The Acts of the Apostles visualizes Jesus’ departure as a literal ascension like that of Elijah the Prophet, taken up into the sky in a fiery chariot. And just as Elisha, his successor, received his mantle and a double portion of his spirit, so Jesus’ disciples receive the mind of the risen Christ and the gifts of the Holy Spirit at Pentecost. Matthew’s Gospel ends with the disciples being sent to evangelize the world.

At a Catholic Worker retreat years ago, Franciscan Sister Jan Cebula offered this thought on the readings for the Ascension. “Most young people leave home to grow up. But in the case of the church, it is Jesus who has to leave so we will grow up.” Unless he departs, we will focus all our expectations on him.

This is what the angels warn the disciples standing there looking up at the sky when Jesus disappeared. Why do you stand here? He has gone ahead of you into the world. You will find him there, especially among the poor, the crucified of history. He is counting on you to be his hands, his face, his voice, his healing and forgiving presence to a wounded world. Be the one you are waiting for. Now is your time. Receive the Holy Spirit. Don’t be afraid. Be the church. Be Christ to the world!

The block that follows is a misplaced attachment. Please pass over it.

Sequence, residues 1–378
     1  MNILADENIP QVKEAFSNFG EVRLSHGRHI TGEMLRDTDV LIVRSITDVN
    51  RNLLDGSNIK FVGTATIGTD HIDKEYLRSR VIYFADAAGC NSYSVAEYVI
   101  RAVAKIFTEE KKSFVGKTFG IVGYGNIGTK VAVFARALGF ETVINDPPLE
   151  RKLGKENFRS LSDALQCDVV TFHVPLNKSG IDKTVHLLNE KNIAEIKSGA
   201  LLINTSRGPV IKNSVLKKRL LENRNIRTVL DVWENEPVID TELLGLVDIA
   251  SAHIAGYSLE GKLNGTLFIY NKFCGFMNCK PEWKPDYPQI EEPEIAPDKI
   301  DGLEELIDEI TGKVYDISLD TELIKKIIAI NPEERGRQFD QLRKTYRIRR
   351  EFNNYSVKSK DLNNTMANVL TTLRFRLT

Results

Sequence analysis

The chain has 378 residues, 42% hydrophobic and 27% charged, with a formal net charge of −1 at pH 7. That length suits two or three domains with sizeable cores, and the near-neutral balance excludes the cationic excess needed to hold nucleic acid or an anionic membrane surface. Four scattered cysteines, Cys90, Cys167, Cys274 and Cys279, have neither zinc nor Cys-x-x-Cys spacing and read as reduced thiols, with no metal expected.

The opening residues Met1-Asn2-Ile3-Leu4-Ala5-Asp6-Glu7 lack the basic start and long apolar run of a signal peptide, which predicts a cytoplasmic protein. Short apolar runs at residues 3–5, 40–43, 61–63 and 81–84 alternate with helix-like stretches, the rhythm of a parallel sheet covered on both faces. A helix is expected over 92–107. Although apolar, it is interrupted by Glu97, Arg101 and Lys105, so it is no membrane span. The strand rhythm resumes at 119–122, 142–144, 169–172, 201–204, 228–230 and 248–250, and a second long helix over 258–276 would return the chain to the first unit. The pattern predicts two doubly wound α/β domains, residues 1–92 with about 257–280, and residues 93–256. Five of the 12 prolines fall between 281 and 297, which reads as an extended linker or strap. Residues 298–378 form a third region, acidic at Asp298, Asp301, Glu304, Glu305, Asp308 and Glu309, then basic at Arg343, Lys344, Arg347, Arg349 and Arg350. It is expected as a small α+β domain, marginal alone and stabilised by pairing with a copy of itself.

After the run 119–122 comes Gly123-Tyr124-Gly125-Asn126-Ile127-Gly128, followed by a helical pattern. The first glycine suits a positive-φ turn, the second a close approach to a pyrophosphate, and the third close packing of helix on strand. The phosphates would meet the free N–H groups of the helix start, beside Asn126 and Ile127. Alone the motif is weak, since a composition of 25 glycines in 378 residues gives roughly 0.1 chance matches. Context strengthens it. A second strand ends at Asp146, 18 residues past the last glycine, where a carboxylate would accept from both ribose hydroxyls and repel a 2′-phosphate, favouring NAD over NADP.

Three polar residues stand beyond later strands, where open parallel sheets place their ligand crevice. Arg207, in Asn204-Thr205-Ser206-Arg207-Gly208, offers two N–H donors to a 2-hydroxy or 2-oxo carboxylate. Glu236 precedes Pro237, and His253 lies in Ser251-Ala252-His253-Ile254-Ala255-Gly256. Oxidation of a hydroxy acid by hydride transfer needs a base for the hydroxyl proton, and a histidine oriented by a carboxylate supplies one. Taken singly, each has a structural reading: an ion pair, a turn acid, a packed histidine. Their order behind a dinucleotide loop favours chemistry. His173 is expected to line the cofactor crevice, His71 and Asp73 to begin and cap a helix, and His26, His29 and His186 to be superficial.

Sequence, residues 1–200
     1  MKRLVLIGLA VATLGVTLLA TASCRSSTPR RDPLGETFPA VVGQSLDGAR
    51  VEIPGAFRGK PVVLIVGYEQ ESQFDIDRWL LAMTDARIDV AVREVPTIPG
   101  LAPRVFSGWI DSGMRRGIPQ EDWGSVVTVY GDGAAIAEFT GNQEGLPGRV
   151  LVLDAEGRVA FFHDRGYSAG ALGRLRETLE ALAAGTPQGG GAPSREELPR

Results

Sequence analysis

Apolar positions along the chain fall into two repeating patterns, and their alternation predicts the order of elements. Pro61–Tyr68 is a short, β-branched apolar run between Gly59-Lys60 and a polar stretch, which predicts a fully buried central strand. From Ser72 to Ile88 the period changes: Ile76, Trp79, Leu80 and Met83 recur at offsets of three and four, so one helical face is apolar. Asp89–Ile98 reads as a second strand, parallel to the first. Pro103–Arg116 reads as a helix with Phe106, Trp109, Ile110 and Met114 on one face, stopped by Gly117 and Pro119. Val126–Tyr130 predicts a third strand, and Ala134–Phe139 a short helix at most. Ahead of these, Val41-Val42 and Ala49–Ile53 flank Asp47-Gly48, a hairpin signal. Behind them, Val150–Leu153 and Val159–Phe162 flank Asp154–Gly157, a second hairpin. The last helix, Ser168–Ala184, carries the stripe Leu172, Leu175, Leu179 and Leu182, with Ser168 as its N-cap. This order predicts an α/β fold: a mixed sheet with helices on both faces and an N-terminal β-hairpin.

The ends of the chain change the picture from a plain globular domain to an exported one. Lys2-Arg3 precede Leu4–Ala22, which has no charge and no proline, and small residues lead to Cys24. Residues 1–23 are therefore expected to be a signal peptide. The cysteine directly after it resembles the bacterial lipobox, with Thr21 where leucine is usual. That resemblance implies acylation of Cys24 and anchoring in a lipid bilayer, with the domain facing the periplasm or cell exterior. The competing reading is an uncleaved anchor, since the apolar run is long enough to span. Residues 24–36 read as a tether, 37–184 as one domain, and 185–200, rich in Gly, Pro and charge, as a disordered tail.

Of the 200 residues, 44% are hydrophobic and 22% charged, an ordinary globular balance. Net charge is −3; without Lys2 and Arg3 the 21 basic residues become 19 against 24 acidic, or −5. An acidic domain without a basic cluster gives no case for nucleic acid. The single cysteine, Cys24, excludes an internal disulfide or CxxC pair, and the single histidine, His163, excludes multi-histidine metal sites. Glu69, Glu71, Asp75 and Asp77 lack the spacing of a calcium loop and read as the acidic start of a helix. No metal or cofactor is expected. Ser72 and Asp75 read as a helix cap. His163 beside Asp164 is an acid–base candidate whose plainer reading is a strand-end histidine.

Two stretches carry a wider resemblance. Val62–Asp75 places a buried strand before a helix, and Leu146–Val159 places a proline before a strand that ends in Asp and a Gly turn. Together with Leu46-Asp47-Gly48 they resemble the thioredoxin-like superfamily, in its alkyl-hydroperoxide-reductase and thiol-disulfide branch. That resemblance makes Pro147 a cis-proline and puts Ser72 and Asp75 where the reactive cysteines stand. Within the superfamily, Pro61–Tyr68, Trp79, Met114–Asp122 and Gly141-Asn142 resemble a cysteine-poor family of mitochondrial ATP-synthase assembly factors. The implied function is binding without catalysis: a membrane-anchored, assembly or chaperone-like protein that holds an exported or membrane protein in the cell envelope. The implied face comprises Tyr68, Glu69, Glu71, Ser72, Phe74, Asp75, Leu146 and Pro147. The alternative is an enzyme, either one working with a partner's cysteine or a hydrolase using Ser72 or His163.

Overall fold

If Jesus is the last word of history, we are the question that drives his message through time toward its fulfillment: What difference does it make that we are baptized in Christ and animated by his Holy Spirit? Is our mission to create shrines where we gaze upward and await his return? No. Living the question is the meaning of our discipleship and the focus of our prayers. The tension between the kingdom that is both here and not yet is the arena in which we will fulfill our mission to transform the world.

Our retreat begins today. We are invited to pray with all our being, personal and communal:  « Come, Holy Spirit, fill the hearts of your faithful and kindle in us the fire of your love. Send forth your Spirit and we shall be created, and you shall renew the face of the earth. »